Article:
United States v. Centennial Savings Bank FSB - Oral Argument - January 15, 1991

United States v. Centennial Savings Bank FSB

Media for United States v. Centennial Savings Bank FSB

Audio Transcription for Opinion Announcement - April 17, 1991 in United States v. Centennial Savings Bank FSB

Audio Transcription for Oral Argument - January 15, 1991 in United States v. Centennial Savings Bank FSB

William H. Rehnquist:

We'll hear argument next in No. 89-1926, United States v. Centennial Savings Bank.

Mr. Roberts.

John G. Roberts, Jr.:

Thank you, Mr. Chief Justice, and may it please the Court:

This case is here on certiorari to the United States court of appeals for the Fifth Circuit.

That court issued two rulings adverse to the Commissioner of Internal Revenue.

First, on the mortgage swap issue as just discussed in the Cottage Savings case, the Fifth Circuit agreed with the United States that there was a materially different requirement in the tax law.

It then disagreed with the United States on application of that requirement, concluding that these mortgage... these pools of substantially identical mortgage loans were in fact an exchange of property that is materially different.

The second, unrelated issue, the Fifth Circuit held that when Centennial's depositors incurred a penalty under Federal law for early withdrawal of their savings from certificates of deposit and Centennial deducted that penalty from the savings before turning them over, that the depositors were actually discharging their savings and loan of part of its obligation to them.

That meant that the income to Centennial was entitled to special deferred treatment under section 108 of the Code.

The Fifth Circuit was wrong with its... in its conclusion with respect to the mortgage swap issue, and it was wrong in its conclusion with respect to the section 108 issue, and the judgment below should be reversed.

The facts with respect to the mortgage swap issue are not, to coin a phrase, materially different from the facts in the Cottage Savings case.

In April of 1981 Centennial and a trading partner decided to enter into one of these swaps.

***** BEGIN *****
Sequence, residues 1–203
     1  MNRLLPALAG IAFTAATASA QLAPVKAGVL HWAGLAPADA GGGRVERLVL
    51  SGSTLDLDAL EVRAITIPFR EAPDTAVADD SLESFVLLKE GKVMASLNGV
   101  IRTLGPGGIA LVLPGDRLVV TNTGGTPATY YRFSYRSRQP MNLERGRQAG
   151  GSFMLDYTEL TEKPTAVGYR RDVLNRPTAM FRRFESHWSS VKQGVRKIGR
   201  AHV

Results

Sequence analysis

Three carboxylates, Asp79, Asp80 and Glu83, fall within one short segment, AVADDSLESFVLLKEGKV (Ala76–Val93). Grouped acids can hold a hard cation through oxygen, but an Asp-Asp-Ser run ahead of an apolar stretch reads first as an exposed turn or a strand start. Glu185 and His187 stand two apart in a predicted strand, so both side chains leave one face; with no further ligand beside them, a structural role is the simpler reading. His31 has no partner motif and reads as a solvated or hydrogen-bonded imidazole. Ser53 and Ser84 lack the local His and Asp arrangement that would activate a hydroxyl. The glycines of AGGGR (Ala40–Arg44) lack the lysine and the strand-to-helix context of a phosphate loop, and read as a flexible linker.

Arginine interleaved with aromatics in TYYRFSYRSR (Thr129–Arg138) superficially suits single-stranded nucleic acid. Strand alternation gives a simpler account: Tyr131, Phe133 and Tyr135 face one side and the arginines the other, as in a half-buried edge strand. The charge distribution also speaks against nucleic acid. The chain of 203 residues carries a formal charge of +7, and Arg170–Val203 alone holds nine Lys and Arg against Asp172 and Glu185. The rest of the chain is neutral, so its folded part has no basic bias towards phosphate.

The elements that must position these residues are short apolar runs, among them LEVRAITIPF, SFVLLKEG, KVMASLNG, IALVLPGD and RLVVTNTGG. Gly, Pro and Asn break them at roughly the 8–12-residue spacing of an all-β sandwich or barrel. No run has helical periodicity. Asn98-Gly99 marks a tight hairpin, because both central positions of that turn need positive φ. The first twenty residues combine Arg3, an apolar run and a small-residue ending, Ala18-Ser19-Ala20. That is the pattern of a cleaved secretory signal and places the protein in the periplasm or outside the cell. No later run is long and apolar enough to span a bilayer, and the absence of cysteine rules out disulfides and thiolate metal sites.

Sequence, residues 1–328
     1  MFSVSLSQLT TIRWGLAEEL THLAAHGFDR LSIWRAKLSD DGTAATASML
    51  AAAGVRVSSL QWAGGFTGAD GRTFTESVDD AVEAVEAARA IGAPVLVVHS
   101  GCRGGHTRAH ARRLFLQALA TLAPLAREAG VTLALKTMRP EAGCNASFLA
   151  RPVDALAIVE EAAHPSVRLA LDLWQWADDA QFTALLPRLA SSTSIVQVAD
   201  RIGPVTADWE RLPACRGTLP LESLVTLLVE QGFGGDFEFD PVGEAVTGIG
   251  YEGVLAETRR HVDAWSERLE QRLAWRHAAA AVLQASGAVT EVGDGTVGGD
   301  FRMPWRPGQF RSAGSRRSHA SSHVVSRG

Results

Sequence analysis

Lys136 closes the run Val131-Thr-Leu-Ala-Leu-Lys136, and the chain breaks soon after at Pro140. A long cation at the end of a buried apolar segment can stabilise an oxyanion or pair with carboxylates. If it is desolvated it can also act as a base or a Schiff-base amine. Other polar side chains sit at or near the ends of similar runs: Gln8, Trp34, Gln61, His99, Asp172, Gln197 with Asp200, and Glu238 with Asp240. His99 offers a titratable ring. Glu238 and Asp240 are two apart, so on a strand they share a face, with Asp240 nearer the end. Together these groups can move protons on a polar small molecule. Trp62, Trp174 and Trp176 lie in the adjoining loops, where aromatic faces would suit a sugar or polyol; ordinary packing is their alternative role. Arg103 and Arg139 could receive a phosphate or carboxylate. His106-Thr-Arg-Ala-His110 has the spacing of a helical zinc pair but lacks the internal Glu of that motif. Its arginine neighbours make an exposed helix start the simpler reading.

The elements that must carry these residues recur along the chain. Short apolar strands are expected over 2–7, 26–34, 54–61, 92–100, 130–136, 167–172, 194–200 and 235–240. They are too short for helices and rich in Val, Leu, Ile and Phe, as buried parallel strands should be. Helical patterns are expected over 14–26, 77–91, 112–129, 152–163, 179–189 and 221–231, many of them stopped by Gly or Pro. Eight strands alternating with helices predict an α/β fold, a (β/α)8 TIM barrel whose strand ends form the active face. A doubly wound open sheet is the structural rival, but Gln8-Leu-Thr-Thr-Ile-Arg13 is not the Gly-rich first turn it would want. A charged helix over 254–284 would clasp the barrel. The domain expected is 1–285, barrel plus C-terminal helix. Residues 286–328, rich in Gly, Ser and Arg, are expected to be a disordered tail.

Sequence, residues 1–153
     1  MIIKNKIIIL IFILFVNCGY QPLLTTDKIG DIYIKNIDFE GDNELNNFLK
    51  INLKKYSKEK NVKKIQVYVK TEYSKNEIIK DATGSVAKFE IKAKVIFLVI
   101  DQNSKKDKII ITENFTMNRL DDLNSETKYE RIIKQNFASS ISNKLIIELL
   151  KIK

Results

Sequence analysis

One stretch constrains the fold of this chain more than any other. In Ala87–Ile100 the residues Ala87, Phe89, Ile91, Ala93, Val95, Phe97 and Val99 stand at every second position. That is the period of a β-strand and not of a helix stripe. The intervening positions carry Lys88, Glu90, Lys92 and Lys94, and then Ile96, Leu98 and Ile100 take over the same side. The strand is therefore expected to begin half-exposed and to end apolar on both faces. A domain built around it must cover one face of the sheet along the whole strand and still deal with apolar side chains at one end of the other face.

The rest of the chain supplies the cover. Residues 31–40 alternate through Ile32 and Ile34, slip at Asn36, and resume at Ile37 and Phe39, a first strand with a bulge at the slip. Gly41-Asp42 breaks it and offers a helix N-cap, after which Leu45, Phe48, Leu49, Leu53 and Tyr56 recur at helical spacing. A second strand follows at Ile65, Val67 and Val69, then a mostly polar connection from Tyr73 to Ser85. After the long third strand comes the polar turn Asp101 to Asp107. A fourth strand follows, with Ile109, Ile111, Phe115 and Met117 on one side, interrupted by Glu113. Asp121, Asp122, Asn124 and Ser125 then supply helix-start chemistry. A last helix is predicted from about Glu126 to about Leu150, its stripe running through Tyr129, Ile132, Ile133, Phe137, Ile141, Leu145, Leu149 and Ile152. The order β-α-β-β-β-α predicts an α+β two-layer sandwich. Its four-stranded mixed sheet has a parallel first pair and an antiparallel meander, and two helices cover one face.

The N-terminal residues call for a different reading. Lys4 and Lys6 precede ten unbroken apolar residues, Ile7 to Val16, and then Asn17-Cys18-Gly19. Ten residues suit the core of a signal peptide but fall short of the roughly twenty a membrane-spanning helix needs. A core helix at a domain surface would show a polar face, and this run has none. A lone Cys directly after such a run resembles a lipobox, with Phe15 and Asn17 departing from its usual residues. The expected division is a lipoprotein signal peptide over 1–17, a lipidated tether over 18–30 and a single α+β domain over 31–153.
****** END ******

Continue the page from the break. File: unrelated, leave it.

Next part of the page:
They plugged their mortgage loan portfolios into the computer, came up with $8.5 million in book value of loans that matched.

Centennial then sold its loans to its partner for $5,662,045, and its partner sold its loan to Centennial for $5,662,043.

Conducted no independent valuation of the loans, applied a common discount factor.

If the loans matched up, they were worth the same.

Antonin Scalia:

How do you feel about this one, Mr. Roberts?

John G. Roberts, Jr.:

This one comes out the same way as the Cottage Savings case, Your Honor.

[Laughter]

Centennial, because--

Antonin Scalia:

You're sure there's not a material difference between the two?

John G. Roberts, Jr.:

--There's not a material difference in the two cases on this issue.

Centennial reported no loss to the bank board, deducted a $2.8 million loss on its tax return, which the Commissioner disallowed for failure to satisfy the materially different requirement.

For reasons I have already stated, the Commissioner's decision is correct.

The R-49 match-up ensured that the loans that were given up were substantially identical to those that Centennial got back.

The differences in borrowers and collateral were not a material difference because the parties to this transaction in this market didn't consider those significant.

In fact, Centennial conducted no credit checks, performed no appraisals of property.

It didn't even know who the borrowers were at the time of the transaction.

It didn't get the files on the loans until 6 years later.

The market also regarded these now-claimed differences as not material.